HAVANA TIMES — President Barack Obama informed the US Congress on Tuesday his decision to remove Cuba from its list of countries sponsoring terrorism, reported dpa news.
The measure, which takes effect in 45 days under US law, was one of the most repeated demands by the Cuban government in the current negotiations to restore diplomatic ties.
“Today the president sent to Congress the [State Department] report required by law and the documents showing the intention of his administration to terminate the designation of Cuba as a country that sponsors terrorism,” said the White House press office in a statement.
The island was put on the “blacklist” in 1982 that includes Iran, Sudan and Syria, mainly on charges of supporting terrorist groups in other countries.
Documents sent to Congress show that “the government of Cuba has not provided any support for international terrorism in the last six months,” and has assured that “it will not support acts of international terrorism in the future”, adds the statement .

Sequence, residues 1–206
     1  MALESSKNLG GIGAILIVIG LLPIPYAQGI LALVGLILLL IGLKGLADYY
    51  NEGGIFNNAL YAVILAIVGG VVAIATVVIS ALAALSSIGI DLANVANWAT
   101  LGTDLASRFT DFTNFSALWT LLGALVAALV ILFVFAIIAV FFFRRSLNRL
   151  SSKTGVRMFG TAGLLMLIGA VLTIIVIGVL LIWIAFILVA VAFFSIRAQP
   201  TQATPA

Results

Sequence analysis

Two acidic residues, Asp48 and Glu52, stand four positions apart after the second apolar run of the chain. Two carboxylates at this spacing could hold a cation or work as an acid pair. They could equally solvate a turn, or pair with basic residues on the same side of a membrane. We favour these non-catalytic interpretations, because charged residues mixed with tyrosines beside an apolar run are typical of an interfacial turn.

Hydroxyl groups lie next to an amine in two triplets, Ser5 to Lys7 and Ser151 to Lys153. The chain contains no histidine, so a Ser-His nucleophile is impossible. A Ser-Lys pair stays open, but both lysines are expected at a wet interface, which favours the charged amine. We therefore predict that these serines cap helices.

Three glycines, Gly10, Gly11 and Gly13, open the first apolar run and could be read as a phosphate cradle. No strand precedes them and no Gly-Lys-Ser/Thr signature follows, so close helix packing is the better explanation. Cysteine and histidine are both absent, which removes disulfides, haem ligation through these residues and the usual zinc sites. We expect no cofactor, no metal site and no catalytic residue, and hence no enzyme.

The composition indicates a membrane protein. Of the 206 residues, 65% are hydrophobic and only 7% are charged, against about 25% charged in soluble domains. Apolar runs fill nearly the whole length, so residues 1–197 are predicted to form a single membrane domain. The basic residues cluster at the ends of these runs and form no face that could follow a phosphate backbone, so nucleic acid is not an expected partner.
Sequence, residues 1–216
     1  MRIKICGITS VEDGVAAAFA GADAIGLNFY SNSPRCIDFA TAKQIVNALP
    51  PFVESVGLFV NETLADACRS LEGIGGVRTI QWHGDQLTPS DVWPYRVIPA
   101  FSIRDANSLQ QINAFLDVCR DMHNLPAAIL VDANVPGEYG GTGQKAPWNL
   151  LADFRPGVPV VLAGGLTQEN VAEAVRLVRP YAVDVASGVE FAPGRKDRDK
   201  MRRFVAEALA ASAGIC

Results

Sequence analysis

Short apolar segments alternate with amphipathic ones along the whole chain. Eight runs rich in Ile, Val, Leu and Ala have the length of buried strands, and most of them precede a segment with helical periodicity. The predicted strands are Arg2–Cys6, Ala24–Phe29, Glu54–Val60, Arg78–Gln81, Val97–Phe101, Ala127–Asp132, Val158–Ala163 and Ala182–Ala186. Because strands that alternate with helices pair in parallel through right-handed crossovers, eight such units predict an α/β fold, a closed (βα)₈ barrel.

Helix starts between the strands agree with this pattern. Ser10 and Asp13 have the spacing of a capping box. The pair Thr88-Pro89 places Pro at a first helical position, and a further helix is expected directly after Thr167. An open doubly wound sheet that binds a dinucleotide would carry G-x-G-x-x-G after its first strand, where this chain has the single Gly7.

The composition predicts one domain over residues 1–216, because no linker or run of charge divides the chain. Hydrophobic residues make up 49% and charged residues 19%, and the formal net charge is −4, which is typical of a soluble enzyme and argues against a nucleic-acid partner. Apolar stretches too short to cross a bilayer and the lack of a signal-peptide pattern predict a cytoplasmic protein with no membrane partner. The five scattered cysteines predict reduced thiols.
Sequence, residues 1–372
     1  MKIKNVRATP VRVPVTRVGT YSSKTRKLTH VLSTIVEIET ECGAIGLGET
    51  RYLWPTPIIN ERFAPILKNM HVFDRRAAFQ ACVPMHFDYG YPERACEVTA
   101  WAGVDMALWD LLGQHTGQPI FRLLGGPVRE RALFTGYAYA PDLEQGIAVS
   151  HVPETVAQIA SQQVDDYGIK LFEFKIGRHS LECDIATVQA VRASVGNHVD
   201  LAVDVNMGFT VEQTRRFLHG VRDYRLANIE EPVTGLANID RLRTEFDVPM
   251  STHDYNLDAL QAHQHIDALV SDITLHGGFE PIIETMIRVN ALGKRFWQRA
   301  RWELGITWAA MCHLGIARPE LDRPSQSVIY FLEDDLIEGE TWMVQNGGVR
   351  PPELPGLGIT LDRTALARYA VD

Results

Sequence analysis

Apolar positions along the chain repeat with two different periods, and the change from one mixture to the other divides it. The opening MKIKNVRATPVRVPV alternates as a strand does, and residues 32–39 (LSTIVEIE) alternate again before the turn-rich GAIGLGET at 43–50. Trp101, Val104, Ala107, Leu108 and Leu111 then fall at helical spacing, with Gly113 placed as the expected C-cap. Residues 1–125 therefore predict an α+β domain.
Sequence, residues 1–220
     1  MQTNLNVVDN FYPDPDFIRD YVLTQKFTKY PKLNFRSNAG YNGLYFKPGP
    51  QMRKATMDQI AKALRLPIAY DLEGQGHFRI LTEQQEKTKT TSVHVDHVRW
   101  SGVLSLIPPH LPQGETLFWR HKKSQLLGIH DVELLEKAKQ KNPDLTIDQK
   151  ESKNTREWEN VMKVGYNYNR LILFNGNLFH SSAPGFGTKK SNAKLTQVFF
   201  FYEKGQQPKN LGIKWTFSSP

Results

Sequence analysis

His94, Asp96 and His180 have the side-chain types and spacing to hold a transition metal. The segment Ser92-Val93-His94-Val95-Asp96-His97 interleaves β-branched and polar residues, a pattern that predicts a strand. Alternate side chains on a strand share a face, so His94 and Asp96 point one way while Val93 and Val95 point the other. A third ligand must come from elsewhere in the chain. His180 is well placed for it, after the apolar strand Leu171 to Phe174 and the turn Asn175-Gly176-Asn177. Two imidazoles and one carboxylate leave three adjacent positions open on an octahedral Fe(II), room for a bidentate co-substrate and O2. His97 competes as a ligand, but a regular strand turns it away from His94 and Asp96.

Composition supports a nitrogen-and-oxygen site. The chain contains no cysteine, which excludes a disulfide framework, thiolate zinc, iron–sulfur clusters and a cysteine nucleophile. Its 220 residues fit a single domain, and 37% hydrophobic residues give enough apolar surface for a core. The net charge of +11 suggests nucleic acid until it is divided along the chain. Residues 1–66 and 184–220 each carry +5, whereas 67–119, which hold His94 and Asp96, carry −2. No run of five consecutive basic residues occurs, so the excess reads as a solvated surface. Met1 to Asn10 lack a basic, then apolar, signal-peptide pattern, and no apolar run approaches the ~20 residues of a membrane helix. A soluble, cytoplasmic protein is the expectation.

The announcement comes just three days after Obama held a historic meeting with his Cuban counterpart Raul Castro in the framework of the Summit of the Americas in Panama. It was the first meeting at this level between the two countries in more than 50 years.
The presence of Cuba on the US list of countries sponsoring terrorism was considered one of the main obstacles for both nations to restore diplomatic relations.
Although the government of Raul Castro recently stressed that it was not a “condition” to reopen embassies, it demanded once again during the weekend Summit in Panama that Washington remove the island from the list “which it never should have been on.”
The United States placed Cuba on its terrorism list during the administration of Republican Ronald Reagan, over allegations that the socialist island supported terrorist movements in other countries.
Cuba was criticized for its support in past decades of the Basque separatist organization ETA and the Colombian Marxist guerrillas of the FARC.
The latest reports from the State Department, however, also pointed out that Havana serves as a guarantor and host for the peace process between the Colombian government and the FARC.
Washington and Havana announced last December 17 an agreement to resume diplomatic relations broken off unilaterally by the US in 1961. The two countries are negotiating since late January the planned reopening of embassies.
The historic rapprochement between the old ideological enemies was celebrated as a milestone worldwide.